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New Thomas Pynchon book exists, and that’s it for now

Yeah, so the apocalypse didn’t happen after all and we’re back for 2013, and hello again, and [SEASONAL PLEASANTRY NOT FOUND]. In even more Earth-shaking news than the Mayans anticipated, however, the end of 2012 has brought with it word of an occurrence almost as rare as a planet-destroying cataclysm: A new novel from Thomas Pynchon, the iconic, near-mythic American author whose output over the past fifty years has, until now, averaged slightly fewer than one and a half novels per decade, publishing seven in total since 1963. (If you’re keeping track, that means that he’s averaged more guest appearances on The Simpsons over the past decade than he has published novels per decade over his entire career.)

Penguin Press, Pynchon’s long-time publishers, announced on Friday that a book entitled The Bleeding Edge is forthcoming and… that’s it. No synopsis. No cover. No release date. No word on whether it will join the rest of Pynchon’s recently digitised back catalogue on e-readers. Not even confirmation that the novel will, in fact, see publication in 2013. Simply confirmation that the book exists.

Given Pynchon’s usual work rate, though, even this should be enough to delight fans, this announcement coming as it does less than four years since the publication of 2009’s Inherent Vice – a gap between titles that almost matches the record-setting three years separating his debut, V. (1963), and The Crying of Lot 49 (1966) and, more recently, Against The Day (2006) and Inherent Vice. A potential three novels in seven years, however, would be unprecedented from the man who took seventeen years to follow up Gravity’s Rainbow (1973) with Vineland (1990), and a further seven after that to release Mason & Dixon (1997). Pynchon is altogether too strange and idiosyncratic to win commercial plaudits, but if past form holds, expect The Bleeding Edge to prop up a lot of critics’ year-end best-of lists come December.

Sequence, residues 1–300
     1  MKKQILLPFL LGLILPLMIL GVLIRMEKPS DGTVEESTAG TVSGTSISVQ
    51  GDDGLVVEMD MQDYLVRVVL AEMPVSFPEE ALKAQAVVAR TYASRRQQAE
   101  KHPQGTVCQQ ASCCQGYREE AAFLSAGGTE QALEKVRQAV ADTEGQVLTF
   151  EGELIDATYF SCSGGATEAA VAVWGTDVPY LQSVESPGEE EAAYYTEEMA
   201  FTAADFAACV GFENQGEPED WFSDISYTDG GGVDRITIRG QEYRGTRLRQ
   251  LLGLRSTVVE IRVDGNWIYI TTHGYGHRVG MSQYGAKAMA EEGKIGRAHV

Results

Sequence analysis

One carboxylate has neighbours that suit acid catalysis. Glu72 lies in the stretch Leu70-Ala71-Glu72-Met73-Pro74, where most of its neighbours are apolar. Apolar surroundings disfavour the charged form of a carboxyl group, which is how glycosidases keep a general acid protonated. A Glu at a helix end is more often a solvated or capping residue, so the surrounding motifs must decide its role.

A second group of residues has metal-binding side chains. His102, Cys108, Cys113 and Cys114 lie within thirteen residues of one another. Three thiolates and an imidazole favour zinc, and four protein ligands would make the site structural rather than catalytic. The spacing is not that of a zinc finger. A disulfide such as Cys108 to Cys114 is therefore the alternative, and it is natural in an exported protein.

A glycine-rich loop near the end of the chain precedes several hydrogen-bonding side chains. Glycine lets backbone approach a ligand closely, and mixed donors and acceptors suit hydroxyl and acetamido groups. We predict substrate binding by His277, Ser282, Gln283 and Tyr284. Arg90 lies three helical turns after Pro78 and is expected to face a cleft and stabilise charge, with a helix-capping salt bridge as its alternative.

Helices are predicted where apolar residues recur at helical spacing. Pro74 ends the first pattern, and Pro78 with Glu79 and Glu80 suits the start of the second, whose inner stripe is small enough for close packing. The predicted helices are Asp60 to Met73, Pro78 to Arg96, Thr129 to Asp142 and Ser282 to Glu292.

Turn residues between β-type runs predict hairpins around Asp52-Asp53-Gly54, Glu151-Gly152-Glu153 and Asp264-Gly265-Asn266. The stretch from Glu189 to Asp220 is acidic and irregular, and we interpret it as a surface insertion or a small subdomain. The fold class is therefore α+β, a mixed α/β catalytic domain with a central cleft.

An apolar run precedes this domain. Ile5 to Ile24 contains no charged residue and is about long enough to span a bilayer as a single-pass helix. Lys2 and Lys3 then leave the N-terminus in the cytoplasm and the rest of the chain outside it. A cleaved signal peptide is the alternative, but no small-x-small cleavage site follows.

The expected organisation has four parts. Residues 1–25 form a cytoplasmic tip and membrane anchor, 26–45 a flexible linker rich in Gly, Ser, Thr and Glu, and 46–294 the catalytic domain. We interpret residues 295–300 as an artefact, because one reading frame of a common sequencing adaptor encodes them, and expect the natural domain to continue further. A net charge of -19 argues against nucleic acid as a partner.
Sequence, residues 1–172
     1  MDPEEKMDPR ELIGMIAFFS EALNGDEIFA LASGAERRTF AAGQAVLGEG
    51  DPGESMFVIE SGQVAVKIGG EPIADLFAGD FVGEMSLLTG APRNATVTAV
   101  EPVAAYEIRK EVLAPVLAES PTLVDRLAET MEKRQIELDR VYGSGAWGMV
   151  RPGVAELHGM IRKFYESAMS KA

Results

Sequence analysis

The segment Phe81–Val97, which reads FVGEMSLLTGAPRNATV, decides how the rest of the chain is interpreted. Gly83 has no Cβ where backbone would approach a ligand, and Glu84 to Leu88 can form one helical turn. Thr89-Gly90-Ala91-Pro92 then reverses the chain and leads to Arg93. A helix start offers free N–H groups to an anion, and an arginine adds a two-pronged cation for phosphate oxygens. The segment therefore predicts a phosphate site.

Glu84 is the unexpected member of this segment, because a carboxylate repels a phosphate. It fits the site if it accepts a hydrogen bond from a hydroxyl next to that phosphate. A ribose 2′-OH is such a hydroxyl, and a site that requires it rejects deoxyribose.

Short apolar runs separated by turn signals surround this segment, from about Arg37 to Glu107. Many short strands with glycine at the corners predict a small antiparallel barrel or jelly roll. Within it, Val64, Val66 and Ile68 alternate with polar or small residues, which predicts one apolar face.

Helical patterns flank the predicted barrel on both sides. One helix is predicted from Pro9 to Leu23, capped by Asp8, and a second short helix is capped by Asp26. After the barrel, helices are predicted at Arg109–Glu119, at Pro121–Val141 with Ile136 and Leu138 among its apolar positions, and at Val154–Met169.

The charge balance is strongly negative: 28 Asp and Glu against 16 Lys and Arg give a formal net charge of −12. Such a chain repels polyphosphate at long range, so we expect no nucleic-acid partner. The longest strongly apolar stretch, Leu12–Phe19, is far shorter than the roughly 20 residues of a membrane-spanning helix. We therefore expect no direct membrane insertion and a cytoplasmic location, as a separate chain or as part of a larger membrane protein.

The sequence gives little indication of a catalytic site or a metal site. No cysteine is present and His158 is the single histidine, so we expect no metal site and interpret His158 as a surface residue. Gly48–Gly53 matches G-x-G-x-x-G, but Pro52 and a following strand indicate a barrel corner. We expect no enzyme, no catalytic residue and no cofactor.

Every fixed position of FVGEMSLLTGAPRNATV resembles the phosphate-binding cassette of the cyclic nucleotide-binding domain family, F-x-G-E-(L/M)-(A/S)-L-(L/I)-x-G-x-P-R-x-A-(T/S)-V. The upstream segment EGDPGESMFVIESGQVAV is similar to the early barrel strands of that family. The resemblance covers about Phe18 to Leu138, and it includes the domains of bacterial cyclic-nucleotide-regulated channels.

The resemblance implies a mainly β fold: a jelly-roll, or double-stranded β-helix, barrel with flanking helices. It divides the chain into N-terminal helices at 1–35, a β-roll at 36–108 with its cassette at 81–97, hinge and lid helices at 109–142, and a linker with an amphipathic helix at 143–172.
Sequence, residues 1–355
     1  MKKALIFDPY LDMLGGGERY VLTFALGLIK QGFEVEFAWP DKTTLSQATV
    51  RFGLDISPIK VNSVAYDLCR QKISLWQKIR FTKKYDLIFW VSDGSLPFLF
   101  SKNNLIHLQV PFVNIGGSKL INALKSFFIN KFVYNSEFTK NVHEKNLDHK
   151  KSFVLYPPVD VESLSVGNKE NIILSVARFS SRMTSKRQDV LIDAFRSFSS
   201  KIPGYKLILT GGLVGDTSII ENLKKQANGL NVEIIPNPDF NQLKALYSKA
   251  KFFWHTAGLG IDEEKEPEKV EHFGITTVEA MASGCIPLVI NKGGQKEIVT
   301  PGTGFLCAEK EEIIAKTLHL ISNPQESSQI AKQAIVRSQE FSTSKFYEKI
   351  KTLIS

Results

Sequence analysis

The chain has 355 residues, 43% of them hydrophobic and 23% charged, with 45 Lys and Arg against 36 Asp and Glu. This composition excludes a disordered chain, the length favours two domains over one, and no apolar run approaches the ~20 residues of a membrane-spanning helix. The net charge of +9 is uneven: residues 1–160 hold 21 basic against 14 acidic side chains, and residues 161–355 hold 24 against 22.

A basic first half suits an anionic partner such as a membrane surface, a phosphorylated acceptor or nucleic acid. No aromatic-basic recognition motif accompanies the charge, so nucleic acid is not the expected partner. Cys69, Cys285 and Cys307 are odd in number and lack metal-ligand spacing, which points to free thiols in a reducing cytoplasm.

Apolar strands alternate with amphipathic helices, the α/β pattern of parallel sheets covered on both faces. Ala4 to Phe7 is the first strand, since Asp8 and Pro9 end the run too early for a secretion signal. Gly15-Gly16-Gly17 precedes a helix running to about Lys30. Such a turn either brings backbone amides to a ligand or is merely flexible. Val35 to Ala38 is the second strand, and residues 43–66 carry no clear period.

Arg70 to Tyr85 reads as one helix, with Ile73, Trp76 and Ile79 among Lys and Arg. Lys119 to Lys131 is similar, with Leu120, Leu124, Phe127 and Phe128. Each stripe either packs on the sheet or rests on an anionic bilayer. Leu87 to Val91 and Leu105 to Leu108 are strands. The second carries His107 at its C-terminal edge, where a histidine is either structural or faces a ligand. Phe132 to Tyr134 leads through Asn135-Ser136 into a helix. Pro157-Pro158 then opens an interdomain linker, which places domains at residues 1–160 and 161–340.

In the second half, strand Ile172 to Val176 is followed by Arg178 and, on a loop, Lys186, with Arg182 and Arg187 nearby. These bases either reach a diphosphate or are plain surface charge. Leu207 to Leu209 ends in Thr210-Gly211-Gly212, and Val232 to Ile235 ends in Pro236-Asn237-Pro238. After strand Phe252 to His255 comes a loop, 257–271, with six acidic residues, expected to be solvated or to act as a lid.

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Chris Ward

Chris Ward

Chris Ward writes and says things about books and music and films and what have you, even when no one is reading or listening.
He was chief hack and music editor of webzine Brazen from 2006 to 2010, and hosted Left of the Dial on Subcity Radio from 2008 to 2011.
He can be heard semi-regularly on the podcast of Scottish cultural blog Scots Whay Hae ('20th best website in Scotland!' - The List), and in 2011 founded Seen Your Video, a film and music podcast and blog based in Glasgow. He has a Masters degree in Scottish Literature from the University of Glasgow that will never have any practical application. You are on a hiding to nothing if you follow him on Twitter expecting any kind of hot publishing scoop.

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